"The problem with this trend is that a lot of non-Black women are embracing the sexy, confident, badassery of Megan Thee Stallion by adopting a caricature of a Black woman in ways without understanding the meanings behind the imageryand totally saying that it's not appropriate in your work life.”

While Okamoto left an explanation in the comments of her video along with a promise to reflect on the implications of future trends, she doesn’t actually engage with what those trends or her participation in them are saying. Okamoto, like the two teenagers in the earlier TikTok, aren’t thinking about what it means that Blackness, to them, is edgy, aggressive, and often sexual in a way that “clearly” doesn’t fit in the workplace.

So how do we solve a problem like Asian Americans across different communities using cultural appropriation of Blackness—a blaccent, clothing, even tanning darker than usual—as a way to distance themselves from stereotypes about what it means to be Asian American? First of all, people need to be more cognizant and more honest about what they’re doing. If someone wasn’t raised around Black Americans and only has a handful of them in their current friend group, their cosplay isn’t authentic to themselves or to their actual friend group. Anti-Blackness manifests in small and large forms of racist beliefs and actions, and cosplaying Blackness is antiblack. Pull back and reassess because this literally isn’t who you are as a person.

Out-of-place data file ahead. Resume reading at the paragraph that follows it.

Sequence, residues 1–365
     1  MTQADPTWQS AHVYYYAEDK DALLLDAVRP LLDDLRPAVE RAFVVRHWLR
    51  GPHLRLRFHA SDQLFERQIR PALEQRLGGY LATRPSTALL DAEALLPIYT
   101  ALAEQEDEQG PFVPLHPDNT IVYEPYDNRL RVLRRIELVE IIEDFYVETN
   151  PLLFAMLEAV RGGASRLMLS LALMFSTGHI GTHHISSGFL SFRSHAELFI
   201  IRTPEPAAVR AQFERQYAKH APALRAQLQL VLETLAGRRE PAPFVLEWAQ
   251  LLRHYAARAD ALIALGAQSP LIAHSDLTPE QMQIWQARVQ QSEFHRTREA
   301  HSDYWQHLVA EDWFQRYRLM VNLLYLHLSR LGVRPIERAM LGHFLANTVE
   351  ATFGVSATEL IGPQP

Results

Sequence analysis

But the biggest solution? Be honest about the roots of the problem and the role white supremacy plays in your identity formation as an Asian American. Look at who you are, what you’re performing, and why you don’t feel comfortable bringing your honest self to the table. You owe it to yourself to figure out who you are when you’re not wearing Blackness as a costume.

Published on February 23, 2022

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Words by Stitch

Stitch is a freelance journalist and rogue fandom/media studies scholar in Florida. Since 2015, she’s run Stitch’s Media Mix, a digital culture and arts publication focusing on real, down to earth critical analysis of international pop culture and the Western arm of the fandoms they spawn. They have publication credits in Fireside Fiction, The Mary Sue, Strange Horizons, ComicsAlliance, Teen Vogue, and Women Write About Comics.  You can find her at Stitch's Media Mix and on twitter as @stitchmediamix

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Art by Frankie Huang

Frankie Huang is a culture writer, editor and illustrator. She proudly descends from a long line of stubborn, bossy women. Follow her on Twitter @ourobororoboruo